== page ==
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The HoodsCrime and Punishment in Belfast$
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Heather Hamill

Print publication date: 2018

Print ISBN-13: 9780691180687

Published to Princeton Scholarship Online: September 2018

DOI: 10.23943/princeton/9780691180687.001.0001

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Signaling Games

Signaling Games

Chapter:
(p.105) Four Signaling Games
Source:
The Hoods
Author(s):

Heather Hamill

Publisher:
Princeton University Press
DOI:10.23943/princeton/9780691180687.003.0005

This chapter attempts to get to the heart of the matter and asks why the punishment administered by the paramilitaries and/or the state does not deter these young people from further recidivism. This lack of a specific deterrent effect violates the rational norm on which deterrence is founded, that certainty and severity of punishment will prevent reoffending, and has bewildered many local people, paramilitaries, criminal justice practitioners, and politicians for some time. The explanatory model proposed in this chapter is that of a signaling game whereby hoods engage in specific behaviors to prove their toughness and status to other hoods. The model, developed from economics, game theory, and biology, explains why people engage in self-destructive behaviors in order to gain group acceptance: often the qualities they wish to display are hard to observe by others who are interested in them and can be easily mimicked by purely verbal claims.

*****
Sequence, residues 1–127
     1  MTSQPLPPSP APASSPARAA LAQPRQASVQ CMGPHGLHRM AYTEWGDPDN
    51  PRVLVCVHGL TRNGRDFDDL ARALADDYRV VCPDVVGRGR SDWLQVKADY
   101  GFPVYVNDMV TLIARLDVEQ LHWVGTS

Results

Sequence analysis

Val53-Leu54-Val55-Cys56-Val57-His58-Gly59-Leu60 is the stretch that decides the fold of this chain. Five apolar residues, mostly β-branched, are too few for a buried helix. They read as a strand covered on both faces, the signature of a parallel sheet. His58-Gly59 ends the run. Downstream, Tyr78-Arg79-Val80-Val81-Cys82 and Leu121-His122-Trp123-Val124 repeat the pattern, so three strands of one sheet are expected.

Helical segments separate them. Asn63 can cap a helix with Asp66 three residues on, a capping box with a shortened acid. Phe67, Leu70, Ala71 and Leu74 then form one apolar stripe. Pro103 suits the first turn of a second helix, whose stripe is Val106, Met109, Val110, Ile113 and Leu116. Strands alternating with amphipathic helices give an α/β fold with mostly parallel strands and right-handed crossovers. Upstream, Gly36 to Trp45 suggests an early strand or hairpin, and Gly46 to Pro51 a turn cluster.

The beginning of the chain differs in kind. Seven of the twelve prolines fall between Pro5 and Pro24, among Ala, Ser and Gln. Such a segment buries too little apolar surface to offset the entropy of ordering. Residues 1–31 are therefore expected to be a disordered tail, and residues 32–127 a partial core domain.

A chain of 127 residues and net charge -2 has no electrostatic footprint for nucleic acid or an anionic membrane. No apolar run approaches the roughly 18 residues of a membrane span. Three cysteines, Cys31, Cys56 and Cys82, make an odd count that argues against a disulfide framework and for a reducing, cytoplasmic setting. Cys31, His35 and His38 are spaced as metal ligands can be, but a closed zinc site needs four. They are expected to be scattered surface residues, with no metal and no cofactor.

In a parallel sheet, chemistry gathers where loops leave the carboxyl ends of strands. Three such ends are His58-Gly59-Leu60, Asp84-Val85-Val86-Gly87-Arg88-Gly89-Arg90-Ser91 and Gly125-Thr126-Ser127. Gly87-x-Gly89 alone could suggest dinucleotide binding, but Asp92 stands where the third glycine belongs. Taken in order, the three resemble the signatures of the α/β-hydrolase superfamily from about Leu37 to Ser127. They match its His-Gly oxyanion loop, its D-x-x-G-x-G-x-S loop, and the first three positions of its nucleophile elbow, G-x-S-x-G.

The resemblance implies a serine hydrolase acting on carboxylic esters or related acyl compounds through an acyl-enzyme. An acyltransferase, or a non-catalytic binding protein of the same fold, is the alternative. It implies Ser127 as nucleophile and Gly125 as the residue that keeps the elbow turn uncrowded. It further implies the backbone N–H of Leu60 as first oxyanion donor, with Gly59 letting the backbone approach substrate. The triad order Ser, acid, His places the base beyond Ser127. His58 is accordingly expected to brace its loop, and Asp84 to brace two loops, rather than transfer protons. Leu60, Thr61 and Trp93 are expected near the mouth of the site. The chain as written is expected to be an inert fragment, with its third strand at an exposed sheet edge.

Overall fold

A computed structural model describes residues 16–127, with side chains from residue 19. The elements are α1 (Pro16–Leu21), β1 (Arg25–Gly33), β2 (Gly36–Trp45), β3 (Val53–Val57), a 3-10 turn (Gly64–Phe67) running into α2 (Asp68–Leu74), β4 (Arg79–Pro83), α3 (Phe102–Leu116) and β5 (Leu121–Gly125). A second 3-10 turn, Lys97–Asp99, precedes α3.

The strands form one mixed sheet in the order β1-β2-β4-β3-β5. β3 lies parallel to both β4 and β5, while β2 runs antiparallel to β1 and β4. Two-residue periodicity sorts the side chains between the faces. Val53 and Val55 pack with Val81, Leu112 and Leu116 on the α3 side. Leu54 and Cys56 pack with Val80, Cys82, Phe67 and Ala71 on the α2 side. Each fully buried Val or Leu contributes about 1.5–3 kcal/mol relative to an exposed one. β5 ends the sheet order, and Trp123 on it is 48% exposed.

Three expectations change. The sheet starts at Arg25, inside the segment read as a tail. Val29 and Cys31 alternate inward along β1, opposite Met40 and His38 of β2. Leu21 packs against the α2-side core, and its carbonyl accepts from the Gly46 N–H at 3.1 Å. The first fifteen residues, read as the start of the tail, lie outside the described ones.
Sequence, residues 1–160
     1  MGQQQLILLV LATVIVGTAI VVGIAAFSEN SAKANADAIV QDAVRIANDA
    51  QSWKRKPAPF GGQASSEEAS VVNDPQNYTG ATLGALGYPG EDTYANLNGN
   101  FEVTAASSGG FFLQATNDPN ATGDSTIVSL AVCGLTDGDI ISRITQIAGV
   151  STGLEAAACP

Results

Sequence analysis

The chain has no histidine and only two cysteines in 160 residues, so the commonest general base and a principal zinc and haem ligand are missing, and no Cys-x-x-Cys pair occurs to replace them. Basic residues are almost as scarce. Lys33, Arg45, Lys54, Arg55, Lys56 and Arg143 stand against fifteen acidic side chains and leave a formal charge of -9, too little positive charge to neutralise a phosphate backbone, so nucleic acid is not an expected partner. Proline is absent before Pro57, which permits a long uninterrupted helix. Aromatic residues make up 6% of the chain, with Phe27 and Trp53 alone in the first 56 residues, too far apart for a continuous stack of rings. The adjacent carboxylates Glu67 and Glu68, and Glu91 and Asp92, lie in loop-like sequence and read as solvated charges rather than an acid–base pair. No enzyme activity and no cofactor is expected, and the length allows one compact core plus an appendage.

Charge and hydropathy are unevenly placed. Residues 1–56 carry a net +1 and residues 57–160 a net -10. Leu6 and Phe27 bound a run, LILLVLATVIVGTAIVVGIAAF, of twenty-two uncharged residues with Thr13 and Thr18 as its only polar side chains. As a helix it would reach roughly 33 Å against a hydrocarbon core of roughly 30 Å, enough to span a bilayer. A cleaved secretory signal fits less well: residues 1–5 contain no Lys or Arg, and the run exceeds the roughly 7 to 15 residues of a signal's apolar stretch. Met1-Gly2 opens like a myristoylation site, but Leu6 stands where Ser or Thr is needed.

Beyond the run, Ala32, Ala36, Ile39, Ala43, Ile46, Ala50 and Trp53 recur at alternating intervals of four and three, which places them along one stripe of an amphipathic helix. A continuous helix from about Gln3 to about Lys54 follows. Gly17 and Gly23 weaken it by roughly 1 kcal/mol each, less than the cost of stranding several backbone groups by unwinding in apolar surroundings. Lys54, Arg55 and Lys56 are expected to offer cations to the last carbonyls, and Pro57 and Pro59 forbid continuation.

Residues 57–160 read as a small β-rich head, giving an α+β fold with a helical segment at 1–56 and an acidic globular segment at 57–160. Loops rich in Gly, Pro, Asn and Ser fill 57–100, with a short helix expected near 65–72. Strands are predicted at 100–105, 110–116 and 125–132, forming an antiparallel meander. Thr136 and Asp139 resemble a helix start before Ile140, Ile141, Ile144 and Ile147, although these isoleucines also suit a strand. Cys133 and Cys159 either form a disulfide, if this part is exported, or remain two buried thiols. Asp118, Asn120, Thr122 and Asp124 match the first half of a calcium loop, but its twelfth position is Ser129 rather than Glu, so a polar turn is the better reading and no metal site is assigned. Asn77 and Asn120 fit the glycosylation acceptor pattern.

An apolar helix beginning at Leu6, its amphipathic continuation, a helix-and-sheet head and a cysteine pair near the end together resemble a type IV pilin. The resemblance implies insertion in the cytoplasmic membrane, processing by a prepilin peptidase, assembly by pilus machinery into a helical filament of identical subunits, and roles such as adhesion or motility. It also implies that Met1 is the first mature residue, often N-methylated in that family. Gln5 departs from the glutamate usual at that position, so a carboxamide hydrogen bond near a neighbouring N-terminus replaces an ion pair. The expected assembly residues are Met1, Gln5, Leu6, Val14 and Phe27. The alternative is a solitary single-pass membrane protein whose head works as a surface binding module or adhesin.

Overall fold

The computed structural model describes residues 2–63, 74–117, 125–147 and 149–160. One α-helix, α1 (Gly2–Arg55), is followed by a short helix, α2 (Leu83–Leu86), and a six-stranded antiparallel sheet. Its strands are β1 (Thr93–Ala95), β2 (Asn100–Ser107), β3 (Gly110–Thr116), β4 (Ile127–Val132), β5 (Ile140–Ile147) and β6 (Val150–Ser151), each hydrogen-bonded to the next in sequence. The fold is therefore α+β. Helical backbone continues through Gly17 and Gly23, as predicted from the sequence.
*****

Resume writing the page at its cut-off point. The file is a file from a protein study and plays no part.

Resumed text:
Keywords:   toughness, signaling game, punishment, deterrence, self-destructive behaviors, group acceptance

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